New study casts doubt on Clovis dating


A new study from Texas A&M University is challenging the belief that the Clovis People were the first to populate North America some 11,500 years ago.  Michael Waters, director of the Center for the Study of the First Americans at Texas A&M, has found new evidence that could be the final nail in the coffin for the Clovis-first model.   Waters’ research revises the original dates for the Clovis time period, suggesting that humans likely inhabited the Americas before Clovis.  The new analysis indicates that the dating of the Clovis Complex ranges from 11,050 to 10,900 radiocarbon years before the present.   To properly understand the age of Clovis, Waters and co-author Thomas Stafford of Stafford Research Laboratories in Colorado tested samples from various Clovis sites in an effort to re-date some of what Waters believes were poorly dated sites.  Because of technological advances, Waters and Stafford were able to more accurately identify the dates for some of the more than 25 dated Clovis sites that were excavated in North America.  According to Waters, many of the dates previously obtained from these sites had ranges of plus or minus 250 years.  With today’s technology we get to plus or minus 30 years.  The new testing returned radiocarbon dates that showed the Clovis time range wasn’t as long as had been previously thought.  The new dates appear to show that Clovis Culture lasted no more than 200 to 400 calendar years, convincing Waters that it is almost impossible for the Clovis people to spread as far as previously thought in such a short time span.   If the Clovis Complex dates are much younger than previously thought, and Clovis has a much shorter duration than previously thought, Waters asks, how could people, in such a short period of time, reach the tip of South America?  That is an important question that now must be answered.  The revised ages that Waters and Stafford obtained overlap dates from a number of North American sites that are technologically and culturally not Clovis sites, which creates a further question of whether the Clovis People were the first humans in the Americas.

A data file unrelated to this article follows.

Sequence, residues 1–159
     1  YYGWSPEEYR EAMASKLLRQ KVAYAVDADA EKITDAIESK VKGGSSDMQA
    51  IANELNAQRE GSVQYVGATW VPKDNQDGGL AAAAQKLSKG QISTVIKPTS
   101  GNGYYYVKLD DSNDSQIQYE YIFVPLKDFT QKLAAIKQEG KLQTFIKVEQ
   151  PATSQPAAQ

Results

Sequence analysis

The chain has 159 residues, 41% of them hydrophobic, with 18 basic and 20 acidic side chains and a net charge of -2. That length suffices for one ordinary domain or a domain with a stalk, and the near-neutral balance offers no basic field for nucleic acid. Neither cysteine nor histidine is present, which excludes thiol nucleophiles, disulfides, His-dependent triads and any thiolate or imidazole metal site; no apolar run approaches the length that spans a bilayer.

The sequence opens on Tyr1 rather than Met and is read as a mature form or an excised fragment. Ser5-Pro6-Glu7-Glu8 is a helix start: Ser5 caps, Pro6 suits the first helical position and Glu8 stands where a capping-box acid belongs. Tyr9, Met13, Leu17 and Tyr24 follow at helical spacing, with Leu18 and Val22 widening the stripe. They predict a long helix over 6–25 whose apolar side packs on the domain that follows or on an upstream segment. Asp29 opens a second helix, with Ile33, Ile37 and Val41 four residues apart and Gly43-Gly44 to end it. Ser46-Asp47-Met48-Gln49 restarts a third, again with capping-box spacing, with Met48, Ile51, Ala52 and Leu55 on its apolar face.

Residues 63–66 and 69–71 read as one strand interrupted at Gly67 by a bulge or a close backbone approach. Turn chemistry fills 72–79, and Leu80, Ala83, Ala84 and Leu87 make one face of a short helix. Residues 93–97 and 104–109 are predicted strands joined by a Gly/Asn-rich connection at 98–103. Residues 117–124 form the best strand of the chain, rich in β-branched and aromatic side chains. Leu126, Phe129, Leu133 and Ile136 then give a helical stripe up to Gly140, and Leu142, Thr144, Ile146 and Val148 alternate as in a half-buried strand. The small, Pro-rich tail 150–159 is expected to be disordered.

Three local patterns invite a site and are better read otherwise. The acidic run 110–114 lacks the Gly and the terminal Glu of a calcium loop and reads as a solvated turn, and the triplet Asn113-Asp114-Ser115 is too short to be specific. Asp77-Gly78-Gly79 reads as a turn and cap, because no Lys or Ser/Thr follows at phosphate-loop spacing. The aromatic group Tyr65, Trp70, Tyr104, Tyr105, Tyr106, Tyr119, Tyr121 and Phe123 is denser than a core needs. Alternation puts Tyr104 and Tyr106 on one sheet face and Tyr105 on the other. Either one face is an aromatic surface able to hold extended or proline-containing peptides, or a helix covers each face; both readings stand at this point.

Egytian oasis yields evidence of Persian temple


Our final story is from Egypt, where French archaeologists have found a Persian temple dating from the 1st millennium BC in Kharga oasis in the Western Desert.  The temple is located at Dush in the southernmost edge of the oasis.  When they controlled Egypt between 525 and 404 BC, the Persians were active in the Kharga region; they rebuilt another well-known temple that survives near the main town of Kharga.  Reports give no details of the condition of the new temple.  According to the website of the French Institute for Oriental Archaeology, a settlement dating from the Persian period revealed a temple, some important documents in the demotic script, and traces of the irrigation system which made it possible to settle there.  The local director of antiquities confirmed that the irrigation works date back to about 500 BC.  The French expedition has also found statues and gold coins from the period.  Dush lies about 360 miles south of Cairo and 120 miles west of the Nile valley.

That wraps up the news for this week!
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I'm Laura Kelley and I'll see you next week!